Em Rusciano identifies with fairytale villains.
The comedian and radio host told The Project panel that she’d always seen a part of herself in the evil queens of storybooks and films.
But it wasn’t until she lost a baby to miscarriage in May this year that she saw how true-to-life some origin stories can be.
"As a kid growing up I always identified with the evil queens. I thought the princesses were boring and the evil queens or complicated, fabulous and misunderstood. I identified that," Rusciano said.
"I think one catastrophic event can turn a woman evil.
"I had that happen. I lost a baby this year and I can understand how something really dark can force you into that space."
From that darkness, Rusciano has emerged, and now she wants to turn her heartbreaking tragedy into comedy.
"I am going to do stand-up comedy about my miscarriage which sounds strange," she said. "But if you don't laugh, you'll cry and cry and cry. So I hope it makes those who've lost babies feel lighter."
The mum to two girls at home, shared that this month had been particularly awful, as she is approaching the date her her son Ray would have been born.
"I was supposed to be giving birth this time next week. So I'm feeling shithouse," the clearly emotional singer said.
"I am putting one foot in front of the other."
Listen: Prior to her pregnancy loss, Em spoke all about her demons, her foibles, her guts and determination, and mostly, her heart on her sleeve. (Post continues.)
She said presenter Carrie Bickmore had seen her in the days and weeks after her pregnancy loss and thanked her for her support, adding that she's "okay" because of her great support network.
"I cry in the foetal position all the time, but I was doing that before I had the miscarriage," she joked.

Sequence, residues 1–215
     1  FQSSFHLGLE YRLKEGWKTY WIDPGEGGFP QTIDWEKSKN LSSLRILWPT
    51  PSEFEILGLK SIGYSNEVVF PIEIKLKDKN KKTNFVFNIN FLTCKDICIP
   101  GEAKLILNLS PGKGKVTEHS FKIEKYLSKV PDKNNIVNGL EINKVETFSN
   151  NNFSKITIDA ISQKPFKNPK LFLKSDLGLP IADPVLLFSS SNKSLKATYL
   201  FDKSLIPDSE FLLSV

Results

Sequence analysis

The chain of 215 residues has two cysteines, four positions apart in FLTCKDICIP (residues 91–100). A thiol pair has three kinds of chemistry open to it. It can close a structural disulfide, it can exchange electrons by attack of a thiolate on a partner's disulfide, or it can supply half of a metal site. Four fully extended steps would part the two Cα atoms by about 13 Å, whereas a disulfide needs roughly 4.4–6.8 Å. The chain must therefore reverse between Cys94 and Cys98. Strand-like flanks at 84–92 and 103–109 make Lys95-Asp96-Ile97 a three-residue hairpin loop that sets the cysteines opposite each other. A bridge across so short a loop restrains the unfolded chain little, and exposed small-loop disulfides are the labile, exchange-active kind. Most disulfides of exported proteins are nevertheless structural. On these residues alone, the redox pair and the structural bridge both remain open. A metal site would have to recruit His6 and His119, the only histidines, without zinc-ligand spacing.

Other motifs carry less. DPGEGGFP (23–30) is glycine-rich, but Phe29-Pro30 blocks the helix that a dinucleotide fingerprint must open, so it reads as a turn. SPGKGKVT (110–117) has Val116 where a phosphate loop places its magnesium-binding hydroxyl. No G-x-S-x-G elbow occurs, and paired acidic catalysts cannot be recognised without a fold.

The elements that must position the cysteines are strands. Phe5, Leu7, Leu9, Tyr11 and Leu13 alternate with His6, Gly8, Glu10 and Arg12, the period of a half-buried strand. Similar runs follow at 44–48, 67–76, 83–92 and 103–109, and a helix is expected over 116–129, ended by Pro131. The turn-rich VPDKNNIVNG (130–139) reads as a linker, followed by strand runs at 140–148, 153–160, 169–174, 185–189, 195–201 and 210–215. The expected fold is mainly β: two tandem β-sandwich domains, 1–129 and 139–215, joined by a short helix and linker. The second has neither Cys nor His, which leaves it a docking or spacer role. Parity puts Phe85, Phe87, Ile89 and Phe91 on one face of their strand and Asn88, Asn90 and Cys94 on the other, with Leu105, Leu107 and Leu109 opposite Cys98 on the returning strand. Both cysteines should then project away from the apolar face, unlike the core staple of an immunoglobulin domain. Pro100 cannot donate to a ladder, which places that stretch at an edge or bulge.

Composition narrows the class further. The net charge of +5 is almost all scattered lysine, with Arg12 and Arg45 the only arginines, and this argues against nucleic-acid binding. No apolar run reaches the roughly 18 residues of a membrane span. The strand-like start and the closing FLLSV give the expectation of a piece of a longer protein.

"I get up and go to bed at the end of each day and say well done. I'm fine."
Rusciano spoke of her miscarriage earlier this year when she returned to hosting 2DayFM’s Em Rusciano Radio Show with Harley Breen after a two-week absence.
She told listeners that her decision to open up then and again on radio was to take control of her story and to speak for those women who’d had a similar experience.
“It’s been a time of questioning all that I hold dear, and also a time of realising that one in four pregnancies end this way and when I talked about it publicly, I had upwards of 20,000 women say ‘this has happened to me as well’, and I think it’s something we don’t talk about.”
“Not because we’re ashamed, but it’s deeply personal and it happens inside your body so it’s like the ultimate betrayal of your body. It’s hard not to blame yourself and wonder what you’ve done wrong.”
She thanked all the people who sent their messages of love and support during that time.
"I just wanted to let all the women know I feel you and I see you, and I know the fact that you got through it and you were able to tell me there's a light under the door has really helped me."